The Lamb at the Center of the Throne will be their Shepherd

A sermon for the fourth Sunday of Easter, May 12, 2019

Trinity Episcopal Church of Morrisania, Bronx, New York

For the Lamb at the center of the throne will be their shepherd, and he will guide them to springs of the water of life, and God will wipe away every tear from their eyes.

Five years ago, Paula and I went to Italy. In Ravenna we saw churches that were over 1500 years old whose walls were covered with beautiful mosaics. One of the most memorable is a depiction of Jesus as the Good Shepherd, a young man with flowing hair, carrying a cross in his hand as a staff, surrounded by sheep, all looking to him for guidance and affection. It was quite moving, in part because it doesn’t look much like our modern, standard depictions of Jesus, and yet it is the same Jesus, our shepherd. The Good Shepherd was the most common image in early Christian art. There are even earlier examples than these mosaics from times when very few Christian artifacts were preserved. Early Christians recognized in Jesus, the characteristics that our psalm for today attributes to God:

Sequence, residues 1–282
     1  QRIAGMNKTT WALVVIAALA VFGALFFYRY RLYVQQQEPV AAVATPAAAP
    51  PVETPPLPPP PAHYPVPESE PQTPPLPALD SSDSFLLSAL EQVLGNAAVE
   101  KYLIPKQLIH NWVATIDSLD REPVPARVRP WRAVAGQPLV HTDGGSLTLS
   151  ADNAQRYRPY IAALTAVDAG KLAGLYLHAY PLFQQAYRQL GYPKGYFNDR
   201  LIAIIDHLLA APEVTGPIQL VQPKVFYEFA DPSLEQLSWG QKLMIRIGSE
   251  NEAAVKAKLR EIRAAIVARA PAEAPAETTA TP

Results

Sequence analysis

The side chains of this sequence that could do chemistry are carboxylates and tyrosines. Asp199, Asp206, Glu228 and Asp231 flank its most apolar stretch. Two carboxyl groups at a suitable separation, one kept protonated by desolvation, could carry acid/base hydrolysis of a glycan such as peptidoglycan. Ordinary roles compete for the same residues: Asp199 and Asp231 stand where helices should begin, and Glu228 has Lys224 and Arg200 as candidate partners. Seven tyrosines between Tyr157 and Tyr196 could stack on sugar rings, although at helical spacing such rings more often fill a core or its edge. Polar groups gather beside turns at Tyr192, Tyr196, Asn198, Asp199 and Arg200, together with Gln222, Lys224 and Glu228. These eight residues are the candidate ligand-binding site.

He provides our needs; takes us to good places of nourishment and refreshment; guides us in the right paths; and when we are in danger and the presence of evil, he is with us comforting and protecting us; he welcomes us even when we are surrounded by trouble; he blesses us with goodness and mercy at all times.

The simple and steadfast goodness of Jesus was the day-to-day focus of the Christian community from its earliest days—just as it is now. In that mosaic, all six sheep have their heads turned in Jesus’ direction though they are in different parts of the picture, at different distances from him, and doing different things. Christ is their protector and guide in all things.

These images tell us something about God and about us, but they don’t limit God. If we turn to today’s reading from the Book of Revelation:

“A great multitude that no one could count, from all tribes and peoples and languages, standing before the throne and before the Lamb, robed in white, with palm branches in their hands…They will hunger no more and thirst no more; the sun will not strike them, nor any scorching heat; for the Lamb at the center of the throne will be their shepherd…”

Now, what we find is that God’s people are facing dramatic difficulties, just like we do today. But the peace and assurances of the 23rd Psalm are still in place as the passage in Revelations continues: “the Lamb at the center of the throne will be their shepherd and he will guide them to springs of the water of life, and God will wipe away every tear from their eyes.”

God will wipe away every tear from their eyes.  Today on Mother’s Day, I realize how maternal that image is: God is a shepherd, but God is also our mother, holding the crying child, comforting her, and wiping away all those tears.  God nurtures us and sees to our growth into adulthood.